I have been teaching in Lavender Hill for the past 35 years. I have seen young boys being killed because of the violence and girls falling pregnant, intelligent boys becoming gang leaders — and still we are teaching in the Lavender Hill area.
Why? What is it that keeps us in the world of education? Could it be the love of children, trying to bring changes in the community or is it to be available to parents, knowing full well you can only listen and be sympathetic towards the pain and suffering that they are going through? Or perhaps it’s because education doesn’t start with school or end with teachers. It’s a community endeavour that requires teachers to be parents and parents to be teachers. To be greeted in the morning by a child and see behind the smile a scared little soul crying out: “My parents were fighting last night. We had to run or sleep
in the cold. We had nothing to eat” is a common occurrence, but not one that gets any easier. What do we do to help thechildren? They trust us. We know them better than their parents do. They are in our care from 8:30 to 2:30 and sometimes till 17:30 in the evening. You see the child coming to school for the first time aged five years and leave at 13 to 14 years to go to high school. We have to mould them to become responsible individuals, to dream and not let poverty, unemployment or social problems get the better of them, nor let them feel that theyare useless and label them as such.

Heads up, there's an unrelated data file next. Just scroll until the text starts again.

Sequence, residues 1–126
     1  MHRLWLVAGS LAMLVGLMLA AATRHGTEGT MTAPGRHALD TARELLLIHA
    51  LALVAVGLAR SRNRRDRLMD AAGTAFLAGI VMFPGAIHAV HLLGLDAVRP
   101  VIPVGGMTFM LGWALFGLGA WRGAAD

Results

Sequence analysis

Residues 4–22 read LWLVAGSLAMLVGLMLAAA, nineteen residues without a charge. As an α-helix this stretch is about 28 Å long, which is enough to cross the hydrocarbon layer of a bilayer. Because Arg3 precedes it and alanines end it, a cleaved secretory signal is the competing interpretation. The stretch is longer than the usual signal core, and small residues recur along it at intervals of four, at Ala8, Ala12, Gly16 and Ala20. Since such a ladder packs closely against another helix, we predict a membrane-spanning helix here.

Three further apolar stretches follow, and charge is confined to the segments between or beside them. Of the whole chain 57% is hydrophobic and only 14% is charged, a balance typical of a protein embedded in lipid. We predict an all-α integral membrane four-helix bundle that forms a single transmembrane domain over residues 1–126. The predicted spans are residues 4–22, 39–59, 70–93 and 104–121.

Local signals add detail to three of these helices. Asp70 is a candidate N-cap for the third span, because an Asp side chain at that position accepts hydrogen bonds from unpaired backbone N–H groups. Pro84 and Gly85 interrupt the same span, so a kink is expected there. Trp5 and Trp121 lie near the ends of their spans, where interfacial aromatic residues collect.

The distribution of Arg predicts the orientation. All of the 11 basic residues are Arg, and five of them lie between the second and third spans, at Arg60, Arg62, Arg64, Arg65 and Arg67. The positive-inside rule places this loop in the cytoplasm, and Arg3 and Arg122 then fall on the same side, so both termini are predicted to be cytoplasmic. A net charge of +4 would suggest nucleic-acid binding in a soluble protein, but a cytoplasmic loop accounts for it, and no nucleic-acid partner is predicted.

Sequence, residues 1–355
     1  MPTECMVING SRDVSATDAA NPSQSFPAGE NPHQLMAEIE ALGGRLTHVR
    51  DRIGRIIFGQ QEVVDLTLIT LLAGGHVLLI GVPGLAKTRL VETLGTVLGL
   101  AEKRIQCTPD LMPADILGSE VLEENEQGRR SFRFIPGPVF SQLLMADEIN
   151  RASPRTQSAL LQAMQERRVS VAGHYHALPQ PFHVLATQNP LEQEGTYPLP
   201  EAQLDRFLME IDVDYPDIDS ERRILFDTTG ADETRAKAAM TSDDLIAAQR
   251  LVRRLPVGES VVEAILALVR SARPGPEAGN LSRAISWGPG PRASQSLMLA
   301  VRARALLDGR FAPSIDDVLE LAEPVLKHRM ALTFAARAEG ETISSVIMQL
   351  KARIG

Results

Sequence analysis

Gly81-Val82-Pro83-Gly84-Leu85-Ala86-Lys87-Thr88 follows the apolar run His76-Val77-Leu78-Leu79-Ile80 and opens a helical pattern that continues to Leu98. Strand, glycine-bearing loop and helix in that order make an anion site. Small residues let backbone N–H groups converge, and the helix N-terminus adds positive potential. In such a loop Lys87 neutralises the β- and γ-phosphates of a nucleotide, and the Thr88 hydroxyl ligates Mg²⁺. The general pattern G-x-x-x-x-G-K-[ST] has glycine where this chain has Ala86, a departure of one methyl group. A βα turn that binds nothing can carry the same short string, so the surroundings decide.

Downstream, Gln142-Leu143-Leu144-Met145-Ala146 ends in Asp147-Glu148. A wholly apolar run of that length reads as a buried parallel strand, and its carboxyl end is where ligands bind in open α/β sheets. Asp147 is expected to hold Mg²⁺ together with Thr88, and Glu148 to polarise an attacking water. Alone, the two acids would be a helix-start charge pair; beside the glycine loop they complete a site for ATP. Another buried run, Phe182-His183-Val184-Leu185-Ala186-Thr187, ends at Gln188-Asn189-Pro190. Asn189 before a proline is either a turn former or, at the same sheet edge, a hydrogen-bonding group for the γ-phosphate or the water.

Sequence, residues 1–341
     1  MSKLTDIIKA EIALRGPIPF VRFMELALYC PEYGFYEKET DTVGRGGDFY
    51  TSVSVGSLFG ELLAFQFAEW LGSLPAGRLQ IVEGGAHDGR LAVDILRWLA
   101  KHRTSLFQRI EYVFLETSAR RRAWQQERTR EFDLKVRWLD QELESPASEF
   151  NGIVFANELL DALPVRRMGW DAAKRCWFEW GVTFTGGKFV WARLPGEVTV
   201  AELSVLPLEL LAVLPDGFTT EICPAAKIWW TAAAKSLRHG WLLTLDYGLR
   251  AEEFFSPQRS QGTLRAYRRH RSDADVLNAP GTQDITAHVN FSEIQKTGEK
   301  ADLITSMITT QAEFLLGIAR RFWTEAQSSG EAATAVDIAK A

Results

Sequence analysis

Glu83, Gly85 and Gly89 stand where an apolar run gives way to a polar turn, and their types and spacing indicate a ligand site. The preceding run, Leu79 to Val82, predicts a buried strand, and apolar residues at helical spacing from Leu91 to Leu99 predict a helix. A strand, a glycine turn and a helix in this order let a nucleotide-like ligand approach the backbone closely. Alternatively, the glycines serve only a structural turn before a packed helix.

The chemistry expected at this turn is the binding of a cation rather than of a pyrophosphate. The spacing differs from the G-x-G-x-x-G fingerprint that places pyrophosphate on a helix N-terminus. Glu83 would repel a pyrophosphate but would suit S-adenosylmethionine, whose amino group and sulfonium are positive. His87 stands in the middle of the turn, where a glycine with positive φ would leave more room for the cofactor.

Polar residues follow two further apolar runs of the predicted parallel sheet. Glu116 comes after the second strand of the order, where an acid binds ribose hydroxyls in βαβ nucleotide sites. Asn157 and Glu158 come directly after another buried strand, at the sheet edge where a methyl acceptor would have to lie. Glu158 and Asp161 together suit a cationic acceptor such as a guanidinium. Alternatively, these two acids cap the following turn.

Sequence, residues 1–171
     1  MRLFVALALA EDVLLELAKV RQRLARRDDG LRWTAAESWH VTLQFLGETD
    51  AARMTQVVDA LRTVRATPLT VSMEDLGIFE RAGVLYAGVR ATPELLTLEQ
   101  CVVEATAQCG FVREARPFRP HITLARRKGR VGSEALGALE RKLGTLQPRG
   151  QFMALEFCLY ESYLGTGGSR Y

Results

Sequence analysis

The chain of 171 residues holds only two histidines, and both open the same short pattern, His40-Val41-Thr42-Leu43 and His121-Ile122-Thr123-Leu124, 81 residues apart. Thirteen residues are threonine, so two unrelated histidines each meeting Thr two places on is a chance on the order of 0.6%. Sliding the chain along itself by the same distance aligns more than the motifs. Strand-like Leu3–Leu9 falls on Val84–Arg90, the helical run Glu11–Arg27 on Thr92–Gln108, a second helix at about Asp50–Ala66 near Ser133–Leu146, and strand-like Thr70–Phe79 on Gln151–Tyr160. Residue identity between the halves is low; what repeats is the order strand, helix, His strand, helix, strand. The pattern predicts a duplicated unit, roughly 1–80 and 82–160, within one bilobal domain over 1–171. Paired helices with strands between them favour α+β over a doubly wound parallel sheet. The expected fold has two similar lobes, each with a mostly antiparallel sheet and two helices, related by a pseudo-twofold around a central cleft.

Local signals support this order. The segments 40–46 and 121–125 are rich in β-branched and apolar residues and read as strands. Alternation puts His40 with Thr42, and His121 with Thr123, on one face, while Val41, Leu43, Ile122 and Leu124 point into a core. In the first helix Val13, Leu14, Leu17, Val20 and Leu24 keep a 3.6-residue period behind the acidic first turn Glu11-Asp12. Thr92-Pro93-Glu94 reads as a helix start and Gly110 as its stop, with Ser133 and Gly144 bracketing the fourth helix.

The days of simply offering what’s on the curriculum are long gone
At our school we try to build our children’s self-esteem, to develop a sense of belonging, show them self-respect and love them so that even if the world around them turns violent and angry, they will know love, they will have experienced respect and they will have a stronger sense of self. Sometimes it’s as simple as being prepared to receive a kiss from a snotty or dirty face, giving them a hug, a smile, a good-bye in the afternoon as they leave and telling them that they are important.
The days of simply offering what’s on the curriculum are long gone. Our children need us to develop them holistically, on an educational level, yes, but also on a social and sporting level. The truth is that every one of us is an educator and that educators are also mothers, psychologists and friends. What is my reward you ask? It’s when a learner comes back to me and says: “Thank you. Now I know why you were so strict with us. You saw our potential.” That is my reward.
When a gangster from your community can, many years later, still respect you, then you know you have succeeded. The success of our school is that each and every educator is special. We are a team and a team is only as strong as its weakest link. As a leader, I must know the interests of each educator, their personal lives and the interest of the learners, to be able to develop a successful institution. It’s the same with our children.
There are many things written and said about Lavender Hill, not many of them uplifting or hopeful. But what I see around me is what I would hope to see more of in our society — a deep sense of community and a willingness to share what little they have with others. Our school isn’t rich in resources but it is enriched by the respect it receives from the children and the com-munity. And that’s a good start. Today we will build on this so that tomorrow we can build a better future.
— Rachel Claassen